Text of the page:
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The 'Bigger Picture' Behind the Israel-Hamas War
Since nothing happens by coincidence in the Middle East, many of us in Israel are not buying that the war between Israel and Hamas is just that.
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The Israel-Hamas war is, most likely, not just a war between Israel and Hamas.
In the Middle East — and, frankly, anywhere else where diametrically opposed ideologies collide — nothing happens happenstance. Plus, the idea that a wannabe governing body (Hamas) has the capabilities, on its own, to carry out the attack it did against Israel, is at best mind-bending, and at worst ludicrous.
The hundreds of people in Israel who were massacred and taken hostage by Palestinian terrorists is one thing. But I’m talking more about the precise intel that these terrorists had. They knew the specific addresses where army commanders lived. They knew how to deactivate critical communications systems in a military base. They had detailed maps and instructions for large swaths of Israeli terrain, some seven kilometers into the country.
Imagine the kind of training they underwent to pull off, in many Palestinians’ minds, such a spectacle. The coordination, the secrecy, the more than 3,000 Palestinian terrorists who easily entered Israel that Saturday morning in such a surprise move, it blew away even the sterling Israeli intelligence community.
The result? The bloodiest day in Israel’s 75-year history. Mind you, this is a country that was attacked by five — five! — neighboring nations when it declared its independence in 1948, and even then there wasn’t a single day as brutal as October 7th, 2023.
This is why, at least in Israel, many of us are not buying that the Israel-Hamas war is just that: a war between Israel and Hamas. Again, nothing happens happenstance in the Middle East, which leads us to a couple of “bigger picture” theories about the impetus of this seemingly unexpected conflict.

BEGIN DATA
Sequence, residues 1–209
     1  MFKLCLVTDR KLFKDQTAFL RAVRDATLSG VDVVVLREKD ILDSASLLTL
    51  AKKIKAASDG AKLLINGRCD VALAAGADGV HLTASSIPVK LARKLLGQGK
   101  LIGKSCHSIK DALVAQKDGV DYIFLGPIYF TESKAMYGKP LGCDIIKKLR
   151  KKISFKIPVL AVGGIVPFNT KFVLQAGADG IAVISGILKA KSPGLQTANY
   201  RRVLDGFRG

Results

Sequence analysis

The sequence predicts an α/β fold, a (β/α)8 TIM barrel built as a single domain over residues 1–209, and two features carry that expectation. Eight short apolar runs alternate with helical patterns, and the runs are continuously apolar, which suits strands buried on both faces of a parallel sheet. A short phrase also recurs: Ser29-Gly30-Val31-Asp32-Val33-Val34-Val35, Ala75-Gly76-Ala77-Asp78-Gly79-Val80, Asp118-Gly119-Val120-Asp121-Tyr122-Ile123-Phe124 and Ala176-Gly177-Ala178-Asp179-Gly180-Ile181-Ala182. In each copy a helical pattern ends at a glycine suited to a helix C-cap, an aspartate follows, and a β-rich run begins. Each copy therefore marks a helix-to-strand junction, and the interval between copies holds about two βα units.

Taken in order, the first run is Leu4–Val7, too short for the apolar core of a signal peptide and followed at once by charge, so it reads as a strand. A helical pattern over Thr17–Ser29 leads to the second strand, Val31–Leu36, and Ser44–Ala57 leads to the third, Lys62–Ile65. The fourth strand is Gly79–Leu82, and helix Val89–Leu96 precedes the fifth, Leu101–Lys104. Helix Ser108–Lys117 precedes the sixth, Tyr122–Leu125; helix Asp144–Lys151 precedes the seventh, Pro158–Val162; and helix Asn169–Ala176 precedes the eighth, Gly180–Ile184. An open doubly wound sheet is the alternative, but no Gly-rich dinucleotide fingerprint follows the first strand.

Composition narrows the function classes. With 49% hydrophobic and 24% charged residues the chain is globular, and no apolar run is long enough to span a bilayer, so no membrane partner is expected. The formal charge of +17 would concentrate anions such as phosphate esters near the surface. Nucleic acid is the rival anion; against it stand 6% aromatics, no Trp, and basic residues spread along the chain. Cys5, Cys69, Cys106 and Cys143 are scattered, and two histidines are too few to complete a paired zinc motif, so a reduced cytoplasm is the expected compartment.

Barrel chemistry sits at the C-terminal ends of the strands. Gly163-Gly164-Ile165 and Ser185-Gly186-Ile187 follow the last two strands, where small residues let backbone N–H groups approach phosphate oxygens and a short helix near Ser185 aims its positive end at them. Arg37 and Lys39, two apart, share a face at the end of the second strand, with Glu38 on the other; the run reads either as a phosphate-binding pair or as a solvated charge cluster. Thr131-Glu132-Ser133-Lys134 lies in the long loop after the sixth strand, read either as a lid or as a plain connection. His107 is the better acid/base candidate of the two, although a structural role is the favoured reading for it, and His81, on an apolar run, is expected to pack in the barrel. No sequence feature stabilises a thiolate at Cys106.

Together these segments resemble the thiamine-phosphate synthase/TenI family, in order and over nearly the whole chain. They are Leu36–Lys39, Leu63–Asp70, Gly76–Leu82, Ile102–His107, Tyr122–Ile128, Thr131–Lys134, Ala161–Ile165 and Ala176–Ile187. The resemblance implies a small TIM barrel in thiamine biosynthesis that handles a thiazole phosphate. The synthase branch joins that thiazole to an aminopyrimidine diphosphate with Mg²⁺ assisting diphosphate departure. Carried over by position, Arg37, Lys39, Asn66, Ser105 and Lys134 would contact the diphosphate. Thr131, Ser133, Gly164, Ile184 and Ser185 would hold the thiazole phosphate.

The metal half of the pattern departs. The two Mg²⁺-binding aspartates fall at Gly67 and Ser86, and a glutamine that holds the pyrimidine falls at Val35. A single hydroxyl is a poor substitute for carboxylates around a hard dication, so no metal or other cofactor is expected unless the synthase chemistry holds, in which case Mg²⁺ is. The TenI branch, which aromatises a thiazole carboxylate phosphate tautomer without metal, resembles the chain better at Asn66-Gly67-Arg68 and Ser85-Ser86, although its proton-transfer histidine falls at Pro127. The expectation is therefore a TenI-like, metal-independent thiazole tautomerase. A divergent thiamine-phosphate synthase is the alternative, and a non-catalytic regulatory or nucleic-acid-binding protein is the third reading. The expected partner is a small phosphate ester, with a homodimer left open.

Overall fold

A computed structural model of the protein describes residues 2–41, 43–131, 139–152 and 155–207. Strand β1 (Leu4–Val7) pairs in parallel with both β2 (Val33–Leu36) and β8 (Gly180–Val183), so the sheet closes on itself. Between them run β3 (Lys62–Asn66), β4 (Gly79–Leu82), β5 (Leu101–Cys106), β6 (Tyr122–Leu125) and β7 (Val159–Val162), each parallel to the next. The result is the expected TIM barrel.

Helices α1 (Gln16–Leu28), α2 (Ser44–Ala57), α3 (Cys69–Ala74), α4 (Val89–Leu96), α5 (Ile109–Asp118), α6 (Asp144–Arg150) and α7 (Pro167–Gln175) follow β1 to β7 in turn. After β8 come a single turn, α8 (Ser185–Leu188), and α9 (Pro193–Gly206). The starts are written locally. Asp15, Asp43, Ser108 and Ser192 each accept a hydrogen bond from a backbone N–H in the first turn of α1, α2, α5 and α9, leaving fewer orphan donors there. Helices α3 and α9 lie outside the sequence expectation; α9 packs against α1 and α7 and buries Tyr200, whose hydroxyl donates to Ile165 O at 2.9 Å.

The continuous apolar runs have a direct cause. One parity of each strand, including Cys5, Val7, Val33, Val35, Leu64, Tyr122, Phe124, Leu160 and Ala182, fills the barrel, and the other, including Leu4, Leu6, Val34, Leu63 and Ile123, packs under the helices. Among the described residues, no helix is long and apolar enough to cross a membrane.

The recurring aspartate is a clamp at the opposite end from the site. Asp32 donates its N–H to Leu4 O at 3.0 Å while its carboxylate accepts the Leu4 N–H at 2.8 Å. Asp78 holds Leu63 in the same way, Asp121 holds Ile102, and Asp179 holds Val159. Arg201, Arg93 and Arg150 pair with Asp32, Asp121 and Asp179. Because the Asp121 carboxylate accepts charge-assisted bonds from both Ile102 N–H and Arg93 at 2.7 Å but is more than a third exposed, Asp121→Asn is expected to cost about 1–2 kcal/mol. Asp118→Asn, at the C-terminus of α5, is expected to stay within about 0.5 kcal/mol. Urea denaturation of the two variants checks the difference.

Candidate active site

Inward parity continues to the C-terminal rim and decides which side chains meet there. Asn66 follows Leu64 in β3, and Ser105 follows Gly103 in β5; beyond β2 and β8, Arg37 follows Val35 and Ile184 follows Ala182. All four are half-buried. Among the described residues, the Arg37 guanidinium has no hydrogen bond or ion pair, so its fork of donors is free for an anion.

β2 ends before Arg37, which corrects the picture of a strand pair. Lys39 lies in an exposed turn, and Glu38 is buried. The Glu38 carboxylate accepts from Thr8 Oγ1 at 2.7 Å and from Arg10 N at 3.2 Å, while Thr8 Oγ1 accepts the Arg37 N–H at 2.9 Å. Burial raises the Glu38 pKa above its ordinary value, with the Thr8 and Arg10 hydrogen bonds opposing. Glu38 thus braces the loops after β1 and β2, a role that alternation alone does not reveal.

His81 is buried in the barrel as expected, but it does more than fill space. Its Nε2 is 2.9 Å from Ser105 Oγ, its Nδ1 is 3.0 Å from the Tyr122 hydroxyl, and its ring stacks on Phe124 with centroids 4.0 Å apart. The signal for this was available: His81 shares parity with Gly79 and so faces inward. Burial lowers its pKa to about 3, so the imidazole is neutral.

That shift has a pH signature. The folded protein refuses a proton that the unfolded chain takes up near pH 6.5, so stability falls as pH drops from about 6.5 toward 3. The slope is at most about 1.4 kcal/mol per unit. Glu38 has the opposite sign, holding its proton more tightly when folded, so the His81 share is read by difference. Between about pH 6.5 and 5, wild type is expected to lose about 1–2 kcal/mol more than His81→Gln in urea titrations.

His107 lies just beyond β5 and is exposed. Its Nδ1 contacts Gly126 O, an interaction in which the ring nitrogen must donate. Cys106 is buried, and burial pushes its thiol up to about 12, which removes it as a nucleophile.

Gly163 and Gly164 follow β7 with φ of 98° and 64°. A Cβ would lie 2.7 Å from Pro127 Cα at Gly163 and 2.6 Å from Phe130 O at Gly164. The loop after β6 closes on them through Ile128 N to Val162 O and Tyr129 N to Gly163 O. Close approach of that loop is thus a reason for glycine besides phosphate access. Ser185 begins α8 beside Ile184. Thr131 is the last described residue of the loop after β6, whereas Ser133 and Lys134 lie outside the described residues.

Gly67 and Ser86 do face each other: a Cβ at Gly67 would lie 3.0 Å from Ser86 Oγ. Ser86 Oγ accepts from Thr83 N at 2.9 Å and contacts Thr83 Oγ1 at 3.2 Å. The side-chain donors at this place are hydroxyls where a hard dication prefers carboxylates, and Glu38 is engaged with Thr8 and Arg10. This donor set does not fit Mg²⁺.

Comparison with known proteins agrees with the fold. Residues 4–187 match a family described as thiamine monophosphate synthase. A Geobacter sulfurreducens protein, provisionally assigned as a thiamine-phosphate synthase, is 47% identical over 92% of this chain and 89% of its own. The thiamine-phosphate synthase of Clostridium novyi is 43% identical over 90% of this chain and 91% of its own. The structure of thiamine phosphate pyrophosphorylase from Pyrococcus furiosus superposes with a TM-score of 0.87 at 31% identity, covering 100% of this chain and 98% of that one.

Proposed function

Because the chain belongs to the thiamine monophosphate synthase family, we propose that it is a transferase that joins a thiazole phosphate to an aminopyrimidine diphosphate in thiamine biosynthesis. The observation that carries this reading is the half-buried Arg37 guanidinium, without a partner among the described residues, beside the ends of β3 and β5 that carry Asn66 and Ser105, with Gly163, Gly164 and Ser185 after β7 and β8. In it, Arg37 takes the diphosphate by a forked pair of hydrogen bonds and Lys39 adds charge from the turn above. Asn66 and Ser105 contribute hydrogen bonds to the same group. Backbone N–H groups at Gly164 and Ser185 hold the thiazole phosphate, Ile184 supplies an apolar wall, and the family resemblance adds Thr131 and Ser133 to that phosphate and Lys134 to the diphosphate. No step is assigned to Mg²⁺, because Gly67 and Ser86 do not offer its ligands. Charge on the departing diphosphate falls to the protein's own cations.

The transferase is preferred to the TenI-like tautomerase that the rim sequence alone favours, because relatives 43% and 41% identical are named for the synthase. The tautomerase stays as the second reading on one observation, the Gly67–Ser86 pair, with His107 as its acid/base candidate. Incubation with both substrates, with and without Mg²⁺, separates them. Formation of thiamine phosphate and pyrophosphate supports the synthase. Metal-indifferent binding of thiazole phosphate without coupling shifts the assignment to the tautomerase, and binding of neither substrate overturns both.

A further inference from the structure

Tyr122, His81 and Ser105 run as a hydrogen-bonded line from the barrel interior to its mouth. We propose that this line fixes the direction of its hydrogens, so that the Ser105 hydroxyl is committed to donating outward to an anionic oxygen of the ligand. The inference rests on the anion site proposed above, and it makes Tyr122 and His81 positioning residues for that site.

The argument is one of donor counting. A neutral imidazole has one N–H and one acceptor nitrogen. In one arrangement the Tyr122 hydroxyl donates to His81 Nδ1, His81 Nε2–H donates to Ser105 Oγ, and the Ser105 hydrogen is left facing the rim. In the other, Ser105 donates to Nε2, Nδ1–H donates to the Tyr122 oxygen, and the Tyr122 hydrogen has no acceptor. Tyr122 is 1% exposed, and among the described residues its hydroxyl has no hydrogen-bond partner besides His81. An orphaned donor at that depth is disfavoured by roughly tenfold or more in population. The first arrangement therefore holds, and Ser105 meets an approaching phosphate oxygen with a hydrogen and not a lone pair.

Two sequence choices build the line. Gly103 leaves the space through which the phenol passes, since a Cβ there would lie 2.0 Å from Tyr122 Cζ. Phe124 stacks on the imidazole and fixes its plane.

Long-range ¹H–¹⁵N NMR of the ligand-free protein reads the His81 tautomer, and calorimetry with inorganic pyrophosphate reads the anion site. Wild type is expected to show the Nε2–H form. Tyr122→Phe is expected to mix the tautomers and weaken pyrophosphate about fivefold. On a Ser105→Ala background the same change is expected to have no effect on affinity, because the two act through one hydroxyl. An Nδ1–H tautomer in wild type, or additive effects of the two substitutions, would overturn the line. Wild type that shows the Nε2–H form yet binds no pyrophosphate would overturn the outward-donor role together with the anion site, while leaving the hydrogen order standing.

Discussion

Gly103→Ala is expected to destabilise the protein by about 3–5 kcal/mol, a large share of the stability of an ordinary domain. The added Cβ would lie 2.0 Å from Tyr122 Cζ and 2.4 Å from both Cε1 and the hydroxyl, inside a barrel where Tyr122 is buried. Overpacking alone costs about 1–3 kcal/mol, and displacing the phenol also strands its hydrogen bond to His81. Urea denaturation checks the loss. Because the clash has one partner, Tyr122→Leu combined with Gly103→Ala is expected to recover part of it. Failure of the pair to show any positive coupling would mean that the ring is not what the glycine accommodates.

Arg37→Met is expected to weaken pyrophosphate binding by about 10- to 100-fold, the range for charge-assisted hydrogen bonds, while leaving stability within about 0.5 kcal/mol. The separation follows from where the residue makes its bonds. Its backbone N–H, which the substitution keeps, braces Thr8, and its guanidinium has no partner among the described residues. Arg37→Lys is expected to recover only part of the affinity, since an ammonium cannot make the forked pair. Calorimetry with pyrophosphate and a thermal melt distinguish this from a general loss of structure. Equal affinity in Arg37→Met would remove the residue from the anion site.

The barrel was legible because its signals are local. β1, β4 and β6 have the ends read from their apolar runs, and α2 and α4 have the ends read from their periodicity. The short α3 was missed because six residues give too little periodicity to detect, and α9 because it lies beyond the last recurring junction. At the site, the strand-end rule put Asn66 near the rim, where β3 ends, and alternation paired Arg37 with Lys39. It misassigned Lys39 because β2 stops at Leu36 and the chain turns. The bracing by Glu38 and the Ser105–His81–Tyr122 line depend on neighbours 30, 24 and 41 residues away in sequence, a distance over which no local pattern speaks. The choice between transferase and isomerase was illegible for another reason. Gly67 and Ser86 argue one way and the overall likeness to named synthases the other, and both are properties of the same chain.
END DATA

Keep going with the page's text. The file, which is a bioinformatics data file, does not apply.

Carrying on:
The first theory is the more obvious one, involving Iran at its epicenter. It’s been well-documented that the Iranian revolution culminated in an overthrow of the Pahlavi dynasty in 1979. The theocratic regime of Ayatollah Ruhollah Khomeini, a religious cleric who headed one of the rebel factions, superseded the Pahlavi dynasty. Since then, Khomeini has been relentlessly investing in exporting Iran’s Islamic revolution, with the aim of maximizing regional hegemony.
As part of this masterplan, the Iranians identify other like-minded rebel groups across the Middle East and North Africa, and supply them with training, weaponry, and funds to carry out (or stand ready to carry out) “missions” that align with this masterplan. This is what the term “Iranian proxies” means.
Experts say Iran hopes to further leverage its growing network of proxies to move equipment and personnel across the Middle East and North Africa — and remove Western powers that stand in its way. In recent years, Iran has sought to improve cooperation among these proxies, with the grand plan of forming a more united “Axis of Resistance” against mutual enemies.
Acting through proxies is a method of eluding responsibility, and surely a more efficient way to expand Iranian imperialism. After all, why build bases in other countries and then ship your troops to babysit them, when you could piggyback on local groups who already have plenty of manpower and even political influence (such as Hezbollah in Lebanon and Hamas in the Palestinian territories) in the places they operate?